Over the past several years the physical landscape of the
traditional office space has changed to evolve and promote productivity of its workers.
Ergonomics assessments, increasing natural lighting and working with flexible
schedules are examples of changes that have helped in this regard, but what if
your employees are finding they are more productive outside of the office
environment?

While some companies have successfully integrated the ability
for workers to work from home where feasible and as shown in this Globe and
Mail article,
some managers and leaders find it challenging to manage workers that are not
located on the company’s site. Many times, there is a trust issue between
management and employees or hired virtual workers that need to be dealt with to
allow a successful off-site arrangement to work.

A common question that we hear is “How will I know if the work is being done right, or being done at all?”
  

The simple answer: Outcomes and Results

The proof is in the pudding as they say.  This may be accomplished by setting goals for the day, week, and month for the off-site worker to meet and if actual time worked is a concern, the worker can submit a weekly timesheet either manually, or using time tracking software online. Stay tuned for an upcoming “WUT?” newsletter (sign up here) at the end of February where we look at some of the top five time tracking applications.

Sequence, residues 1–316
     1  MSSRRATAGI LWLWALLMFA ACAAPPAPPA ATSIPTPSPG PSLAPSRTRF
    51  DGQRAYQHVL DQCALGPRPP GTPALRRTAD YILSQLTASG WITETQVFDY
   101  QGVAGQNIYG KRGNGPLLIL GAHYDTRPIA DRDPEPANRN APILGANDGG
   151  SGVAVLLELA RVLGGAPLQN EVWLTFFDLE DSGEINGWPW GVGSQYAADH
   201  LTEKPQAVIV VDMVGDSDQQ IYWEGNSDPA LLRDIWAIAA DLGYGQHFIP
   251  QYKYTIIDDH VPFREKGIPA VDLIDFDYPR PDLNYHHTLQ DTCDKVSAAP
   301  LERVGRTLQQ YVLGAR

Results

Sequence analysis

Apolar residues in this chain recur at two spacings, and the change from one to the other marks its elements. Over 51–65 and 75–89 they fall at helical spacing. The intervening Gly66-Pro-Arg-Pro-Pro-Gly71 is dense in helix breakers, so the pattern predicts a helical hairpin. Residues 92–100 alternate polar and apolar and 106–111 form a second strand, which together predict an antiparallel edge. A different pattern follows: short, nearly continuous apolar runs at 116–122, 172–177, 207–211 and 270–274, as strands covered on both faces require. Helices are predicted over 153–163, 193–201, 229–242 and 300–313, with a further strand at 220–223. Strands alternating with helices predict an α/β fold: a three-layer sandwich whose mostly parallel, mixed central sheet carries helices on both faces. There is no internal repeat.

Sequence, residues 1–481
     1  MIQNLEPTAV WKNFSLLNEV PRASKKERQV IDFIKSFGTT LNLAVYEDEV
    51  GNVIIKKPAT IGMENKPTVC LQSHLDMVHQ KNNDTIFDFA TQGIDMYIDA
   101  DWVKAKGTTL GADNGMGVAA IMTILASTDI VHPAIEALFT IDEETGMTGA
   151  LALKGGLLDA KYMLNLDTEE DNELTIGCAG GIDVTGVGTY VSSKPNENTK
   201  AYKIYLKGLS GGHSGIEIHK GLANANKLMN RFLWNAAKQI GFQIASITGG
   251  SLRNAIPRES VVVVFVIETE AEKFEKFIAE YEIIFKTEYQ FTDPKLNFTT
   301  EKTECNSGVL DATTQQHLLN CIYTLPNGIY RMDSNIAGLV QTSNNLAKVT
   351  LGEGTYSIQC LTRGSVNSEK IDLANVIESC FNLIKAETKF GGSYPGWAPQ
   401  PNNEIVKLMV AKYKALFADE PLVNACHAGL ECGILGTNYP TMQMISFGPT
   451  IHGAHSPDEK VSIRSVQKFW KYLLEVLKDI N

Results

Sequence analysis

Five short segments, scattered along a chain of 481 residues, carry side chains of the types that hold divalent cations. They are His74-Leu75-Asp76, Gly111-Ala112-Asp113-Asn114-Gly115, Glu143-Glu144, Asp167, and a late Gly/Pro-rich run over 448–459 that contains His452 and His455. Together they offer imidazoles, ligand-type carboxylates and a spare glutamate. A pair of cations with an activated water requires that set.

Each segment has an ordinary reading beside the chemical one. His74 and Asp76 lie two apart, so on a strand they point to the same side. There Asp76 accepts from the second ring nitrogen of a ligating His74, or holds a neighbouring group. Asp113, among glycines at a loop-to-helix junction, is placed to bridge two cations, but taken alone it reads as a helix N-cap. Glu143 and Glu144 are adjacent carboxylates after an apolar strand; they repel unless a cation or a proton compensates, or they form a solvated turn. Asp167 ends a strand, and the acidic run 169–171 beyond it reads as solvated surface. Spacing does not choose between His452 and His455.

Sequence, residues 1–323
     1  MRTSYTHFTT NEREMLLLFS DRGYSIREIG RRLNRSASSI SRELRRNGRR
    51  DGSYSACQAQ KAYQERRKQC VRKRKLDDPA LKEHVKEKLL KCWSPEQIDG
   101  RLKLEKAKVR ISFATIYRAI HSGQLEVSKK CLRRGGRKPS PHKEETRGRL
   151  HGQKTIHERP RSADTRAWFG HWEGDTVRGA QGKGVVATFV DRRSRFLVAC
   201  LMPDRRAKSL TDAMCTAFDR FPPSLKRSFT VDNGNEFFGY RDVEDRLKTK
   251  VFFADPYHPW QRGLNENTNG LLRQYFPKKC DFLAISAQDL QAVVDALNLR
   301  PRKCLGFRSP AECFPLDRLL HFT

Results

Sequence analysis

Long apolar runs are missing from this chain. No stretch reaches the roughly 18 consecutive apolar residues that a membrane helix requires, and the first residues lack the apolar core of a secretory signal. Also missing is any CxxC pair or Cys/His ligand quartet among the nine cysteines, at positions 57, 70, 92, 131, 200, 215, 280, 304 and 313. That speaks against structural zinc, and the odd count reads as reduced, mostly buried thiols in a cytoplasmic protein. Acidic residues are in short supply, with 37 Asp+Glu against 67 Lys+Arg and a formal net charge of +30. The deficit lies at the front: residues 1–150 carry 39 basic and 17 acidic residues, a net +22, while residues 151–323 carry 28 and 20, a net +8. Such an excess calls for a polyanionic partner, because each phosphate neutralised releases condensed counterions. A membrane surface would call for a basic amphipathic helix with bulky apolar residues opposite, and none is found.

For the most part, when an off-site worker is trusted they may
feel more invested in a company that understands the importance of working
off-site and may want to have their best work shine through in those results
and outcomes.

So if you are on the fence, about off-site work here are just a
few benefits to these sorts of arrangements:

  1. Your very valuable time.  The day of a manager or leader can be packed,
    with all employees in the office valuable time is taken by “doing the rounds”
    to check and see what everyone is up to, but is there a value in this?
  2. Workers that have opted for
    off-site work tend to be more productive, as there may be things within the
    office environment they find distracting, or may just work at a different pace
    and timeline than what has been established as the norm.
  3. Workers that have opted for
    off-site work and have been given the opportunity to do so may have greater
    respect for those they are working for, as they may feel they are being
    understood.
  4. Many off-site workers tend to
    find a better balance of their social commitments and work with less
    absenteeism.
  5. Communications with your
    off-site worker are as simple as picking up the phone, sending an instant
    message, sending an email, or starting a Skype conversation.

If you are wondering what a day in the life of a virtual worker
may look like, check out this previous post illustrating the balance this virtual
worker feels in “The Remote
Workplace
“.

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